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Cuban Giant Trope (Tropidophis melanurus) (8577519420).jpg
Tropidophis melanurus
Scientific classification
Kingdom: Animalia
Phylum: Chordata
Subphylum: Vertebrata
Class: Reptilia
Order: Squamata
Suborder: Serpentes
Family: Tropidophiidae
Genus: Tropidophis
Bibron In
de la Sagra, 1843
  • Tropidophis Bibron In
    de la Sagra, 1843
  • Leionotus Bibron In
    de la Sagra, 1843
  • Ungalia Gray, 1842
  • Erycopsis Fitzinger, 1843
  • Notophis Hallowell, 1856
  • Ungalia Cope, 1868[1]

Tropidophis, common name wood snake or West Indian wood snake,[2] is a genus of dwarf boas[3] endemic to the West Indies and South America. Currently, 17 species are recognized.[3]


Adults grow to between 30 and 60 cm (12 and 24 in) in total length (including tail). They are secretive and predominately terrestrial, found in a variety of natural habitats, including rain forest, swamps, pine woods and scrub, as well as in the vicinity of human habitation. They have a peculiar defensive habit of expelling blood from the mouth, nostrils and eyes when disturbed.[4] Some species also change colour over the course of the day.[4]

Despite their relatively small size and secretive nature, some species may be susceptible to extirpation, mainly due to habitat alteration and introduced feral animals. The Navassa Island dwarf boa, T. bucculentus, has not been seen for 100 years and is believed to be extinct.

Geographic range[edit]

Found in the West Indies, Brazil, Peru and Ecuador.[1]


Species[3] Taxon author[3] Subsp.*[3] Common name Geographic range[1]
T. battersbyi Laurent, 1949 0 Ecuadorian dwarf boa Ecuador
T. bucculentus (Cope, 1868) 0 Navassa Island dwarf boa Navassa Island
T. canus (Cope, 1868) 3 Bahamian dwarf boa The Bahamas
T. caymanensis Battersby, 1938 2 Cayman Islands dwarf boa Cayman Islands
T. feicki Schwartz, 1957 0 broad-banded dwarf boa Western Cuba
T. fuscus Hedges & Garrido, 1992 0 Cuban dusky dwarf boa Northeastern Cuba
T. greenwayi Barbour & Shreve, 1936 1 Caicos dwarf boa Caicos Islands
T. haetianus (Cope, 1879) 5 Haitian dwarf boa Eastern Cuba, Hispaniola and adjacent islands, and Jamaica
T. maculatus (Bibron, 1840) 0 spotted red dwarf boa Western Cuba
T. melanurusT (Schlegel, 1837) 2 Cuban giant dwarf boa Cuba and adjacent islands
T. nigriventris Bailey, 1937 0 black-bellied dwarf boa Central Cuba
T. pardalis (Gundlach, 1840) 0 leopard dwarf boa Cuba and adjacent islands
T. paucisquamis (Müller, 1901) 0 Brazilian dwarf boa Brazil in Espírito Santo, Rio de Janeiro and São Paulo
T. pilsbryi Bailey, 1937 1 Cuban white-necked dwarf boa Central and eastern Cuba
T. semicinctus (Gundlach & W. Peters, 1864) 0 yellow-banded dwarf boa Western and central Cuba
T. taczanowskyi (Steindachner, 1880) 0 Taczanowski's dwarf boa Amazonian Peru and Ecuador
T. wrighti Stull, 1928 0 gracile banded dwarf boa Eastern Cuba

*) Not including the nominate subspecies
T) Type species[1]

The Reptile Database includes some further species:[5]

Species[5] Taxon author[5] Subsp.*[5] Common name Geographic range[5]
T. celiae (Hedges, Estrada & Díaz, 1999) 0 Canasi dwarf boa Cuba and adjacent islands
T. grapiuna Curcio, Sales Nunes, Suzart Argolo, Skuk & Rodrigues, 2012 0 Brazil
T. hardyi Schwartz & Garrido, 1975 0 Cuba
T. hendersoni Hedges & Garrido, 2002 0 Cuban khaki dwarf boa Cuba
T. morenoi Hedges, Garrido & Díaz, 2001 0 zebra dwarf boa Cuba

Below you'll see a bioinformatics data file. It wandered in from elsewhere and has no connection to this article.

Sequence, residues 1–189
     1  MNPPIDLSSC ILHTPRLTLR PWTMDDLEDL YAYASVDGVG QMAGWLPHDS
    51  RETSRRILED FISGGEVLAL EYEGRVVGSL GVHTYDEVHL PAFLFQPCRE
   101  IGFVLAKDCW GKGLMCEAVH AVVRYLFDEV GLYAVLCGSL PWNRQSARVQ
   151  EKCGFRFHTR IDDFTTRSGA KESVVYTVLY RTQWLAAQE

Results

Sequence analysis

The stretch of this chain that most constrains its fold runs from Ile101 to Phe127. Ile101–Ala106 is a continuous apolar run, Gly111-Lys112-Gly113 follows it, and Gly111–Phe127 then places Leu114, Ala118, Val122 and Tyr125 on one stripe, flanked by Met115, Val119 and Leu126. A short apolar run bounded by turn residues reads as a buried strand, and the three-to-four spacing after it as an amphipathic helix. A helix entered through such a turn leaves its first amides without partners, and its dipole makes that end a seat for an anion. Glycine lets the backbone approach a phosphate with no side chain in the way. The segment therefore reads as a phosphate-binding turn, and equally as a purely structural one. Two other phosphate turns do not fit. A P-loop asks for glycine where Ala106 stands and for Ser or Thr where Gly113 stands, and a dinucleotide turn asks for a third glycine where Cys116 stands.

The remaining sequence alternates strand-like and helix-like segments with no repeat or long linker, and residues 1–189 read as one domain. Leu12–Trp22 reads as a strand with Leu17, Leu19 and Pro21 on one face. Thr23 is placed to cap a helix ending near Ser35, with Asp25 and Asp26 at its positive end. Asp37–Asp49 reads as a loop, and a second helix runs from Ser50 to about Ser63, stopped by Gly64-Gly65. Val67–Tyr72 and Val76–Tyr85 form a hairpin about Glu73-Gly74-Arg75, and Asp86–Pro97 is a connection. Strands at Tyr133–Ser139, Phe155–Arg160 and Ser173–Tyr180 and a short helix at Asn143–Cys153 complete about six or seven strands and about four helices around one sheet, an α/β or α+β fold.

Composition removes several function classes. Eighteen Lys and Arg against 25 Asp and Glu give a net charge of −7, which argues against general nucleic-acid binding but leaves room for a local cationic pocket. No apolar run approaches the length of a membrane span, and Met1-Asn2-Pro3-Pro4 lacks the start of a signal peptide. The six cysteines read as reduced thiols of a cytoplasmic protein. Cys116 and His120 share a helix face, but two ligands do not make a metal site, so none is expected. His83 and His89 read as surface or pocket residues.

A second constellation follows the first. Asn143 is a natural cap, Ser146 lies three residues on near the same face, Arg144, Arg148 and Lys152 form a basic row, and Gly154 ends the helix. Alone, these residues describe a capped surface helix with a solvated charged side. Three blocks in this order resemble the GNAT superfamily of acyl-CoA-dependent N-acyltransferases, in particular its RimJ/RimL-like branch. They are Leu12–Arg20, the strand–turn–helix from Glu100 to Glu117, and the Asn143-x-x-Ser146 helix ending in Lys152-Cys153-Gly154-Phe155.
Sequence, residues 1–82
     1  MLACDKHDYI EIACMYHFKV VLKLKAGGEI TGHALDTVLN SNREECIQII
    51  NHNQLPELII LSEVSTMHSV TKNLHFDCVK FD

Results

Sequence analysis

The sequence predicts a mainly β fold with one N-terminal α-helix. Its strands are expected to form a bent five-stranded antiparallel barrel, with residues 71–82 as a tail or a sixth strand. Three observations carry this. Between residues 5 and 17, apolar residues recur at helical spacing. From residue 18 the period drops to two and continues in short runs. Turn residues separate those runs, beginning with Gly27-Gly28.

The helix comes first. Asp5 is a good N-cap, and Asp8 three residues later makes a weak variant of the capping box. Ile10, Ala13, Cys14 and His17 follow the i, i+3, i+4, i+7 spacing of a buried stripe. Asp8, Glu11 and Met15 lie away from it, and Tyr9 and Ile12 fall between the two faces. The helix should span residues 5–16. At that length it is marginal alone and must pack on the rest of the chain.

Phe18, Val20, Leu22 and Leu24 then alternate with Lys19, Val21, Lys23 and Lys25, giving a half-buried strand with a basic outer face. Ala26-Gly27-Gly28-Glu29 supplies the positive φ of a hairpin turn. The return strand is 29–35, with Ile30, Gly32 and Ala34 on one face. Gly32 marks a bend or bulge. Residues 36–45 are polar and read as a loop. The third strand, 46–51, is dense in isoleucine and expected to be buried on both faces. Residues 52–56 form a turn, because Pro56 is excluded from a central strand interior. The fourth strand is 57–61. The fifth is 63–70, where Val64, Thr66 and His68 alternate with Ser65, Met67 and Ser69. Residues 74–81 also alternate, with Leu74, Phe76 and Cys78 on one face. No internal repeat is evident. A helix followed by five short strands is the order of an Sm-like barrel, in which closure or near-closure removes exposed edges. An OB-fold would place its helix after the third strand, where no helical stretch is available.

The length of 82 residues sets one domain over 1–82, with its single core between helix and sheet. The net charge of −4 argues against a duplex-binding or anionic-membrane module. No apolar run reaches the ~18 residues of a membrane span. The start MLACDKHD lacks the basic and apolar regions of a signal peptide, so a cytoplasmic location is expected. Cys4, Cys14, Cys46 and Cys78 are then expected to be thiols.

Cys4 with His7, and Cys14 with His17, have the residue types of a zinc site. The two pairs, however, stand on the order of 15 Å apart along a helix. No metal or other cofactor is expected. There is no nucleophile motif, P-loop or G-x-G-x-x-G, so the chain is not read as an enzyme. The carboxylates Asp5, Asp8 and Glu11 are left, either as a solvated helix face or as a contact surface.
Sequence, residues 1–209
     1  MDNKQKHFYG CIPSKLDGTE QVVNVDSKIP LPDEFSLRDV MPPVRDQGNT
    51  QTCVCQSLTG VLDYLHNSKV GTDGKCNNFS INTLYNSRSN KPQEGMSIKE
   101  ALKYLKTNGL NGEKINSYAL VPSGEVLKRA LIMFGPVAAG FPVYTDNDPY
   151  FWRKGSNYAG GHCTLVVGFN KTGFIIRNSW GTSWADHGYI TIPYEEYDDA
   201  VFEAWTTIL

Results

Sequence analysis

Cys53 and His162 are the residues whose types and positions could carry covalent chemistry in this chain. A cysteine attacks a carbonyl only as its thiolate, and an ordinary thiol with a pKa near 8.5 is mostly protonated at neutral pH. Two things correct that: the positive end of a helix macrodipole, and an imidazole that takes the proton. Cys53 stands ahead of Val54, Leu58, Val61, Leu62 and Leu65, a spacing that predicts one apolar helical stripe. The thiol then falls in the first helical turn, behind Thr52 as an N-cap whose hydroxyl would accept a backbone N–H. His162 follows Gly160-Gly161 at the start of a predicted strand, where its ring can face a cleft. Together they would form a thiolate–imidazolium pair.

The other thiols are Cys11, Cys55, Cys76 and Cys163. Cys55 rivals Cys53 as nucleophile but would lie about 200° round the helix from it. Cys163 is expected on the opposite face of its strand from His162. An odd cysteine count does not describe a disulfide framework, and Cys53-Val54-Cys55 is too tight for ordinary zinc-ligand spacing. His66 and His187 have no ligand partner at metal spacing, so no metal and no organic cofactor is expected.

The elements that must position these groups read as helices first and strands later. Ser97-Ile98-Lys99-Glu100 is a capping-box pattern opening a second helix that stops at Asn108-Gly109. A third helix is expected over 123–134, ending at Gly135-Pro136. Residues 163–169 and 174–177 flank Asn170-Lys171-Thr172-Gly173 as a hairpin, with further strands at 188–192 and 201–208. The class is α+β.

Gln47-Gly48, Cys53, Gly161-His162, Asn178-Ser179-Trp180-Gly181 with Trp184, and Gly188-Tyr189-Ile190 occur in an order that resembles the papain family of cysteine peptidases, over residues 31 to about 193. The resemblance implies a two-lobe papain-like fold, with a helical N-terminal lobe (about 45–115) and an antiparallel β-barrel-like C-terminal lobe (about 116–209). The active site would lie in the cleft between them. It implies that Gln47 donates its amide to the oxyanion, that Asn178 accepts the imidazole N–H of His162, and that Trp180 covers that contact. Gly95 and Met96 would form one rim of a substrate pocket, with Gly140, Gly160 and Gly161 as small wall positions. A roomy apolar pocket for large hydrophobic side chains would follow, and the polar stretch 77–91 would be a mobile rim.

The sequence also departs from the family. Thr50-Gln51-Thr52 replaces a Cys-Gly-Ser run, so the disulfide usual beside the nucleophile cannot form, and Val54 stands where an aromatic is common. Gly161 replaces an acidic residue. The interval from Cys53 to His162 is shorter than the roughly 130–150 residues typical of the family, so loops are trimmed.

T. parkeri Grant, 1941 0 Parker's dwarf boa Little Cayman Island
T. preciosus Curcio, Sales Nunes, Suzart Argolo, Skuk & Rodrigues, 2012 0 Brazil
T. schwartzi Thomas, 1963 0 Schwartz' dwarf boa Cayman Islands
T. spiritus Hedges & Garrido, 1999 0 Sancti Spíritus dwarf boa Cuba
T. xanthogaster Domínguez, Moreno & Hedges, 2006 0 Guanahacabibes dwarf boa Cuba

*) Not including the nominate subspecies

See also[edit]


  1. ^ a b c d McDiarmid RW, Campbell JA, Touré T. 1999. Snake Species of the World: A Taxonomic and Geographic Reference, Volume 1. Washington, District of Columbia: Herpetologists' League. 511 pp. ISBN 1-893777-00-6 (series). ISBN 1-893777-01-4 (volume).
  2. ^ Parker HW, Grandison AGC. 1977. Snakes — a Natural History. Second Edition. London and Ithaca: British Museum (Natural History) and Cornell University Press. 108 pp. + 16 plates. LCCCN 76-54625. ISBN 0-8014-1095-9 (cloth), ISBN 0-8014-9164-9 (paper).
  3. ^ a b c d e "Tropidophis". Integrated Taxonomic Information System. Retrieved 29 August 2007. 
  4. ^ a b Domínguez, Michel; Luis V. Moreno; S. Blair Hedges (August 2006). "A new snake of the genus Tropidophis (Tropidophiidae) from the Guanahacabibes Peninsula of Western Cuba". Amphibia-Reptilia. 27: 427–432. doi:10.1163/156853806778190088. 
  5. ^ a b c d e Tropidophis at the Reptile Database

Further reading[edit]

  • Bibron G. 1843. In: de la Sagra R. 1843. Historia fisica, politica y natural de la isla de Cuba. Segunda parte historia natural. Tomo IV. Reptiles y peces. Paris: Bertrand. 255 pp. + Plates I-V. (Tropidophis, new genus, p. 124). (in Spanish).
  • Boulenger GA. 1893. Catalogue of the Snakes in the British Museum (Natural History). Volume I., Containing the Families ... Boidæ ... London: Trustees of the British Museum (Natural History). (Taylor and Francis, printers). xiii + 448 pp. + Plates I-XXVIII. (Genus Ungalia [=Tropidophis], p. 110).
  • Freiberg M. 1982. Snakes of South America. Hong Kong: T.F.H. Publications. 189 pp. ISBN 0-87666-912-7. (Genus Tropidophis, pp. 44, 80, 88, 188).
  • Schwartz A, Thomas R. 1975. A Check-list of West Indian Amphibians and Reptiles. Carnegie Museum of Natural History Special Publication No. 1. Pittsburgh, Pennsylvania: Carnegie Museum of Natural History. 216 pp. (12 species of Tropidophis, pp. 191–196).

External links[edit]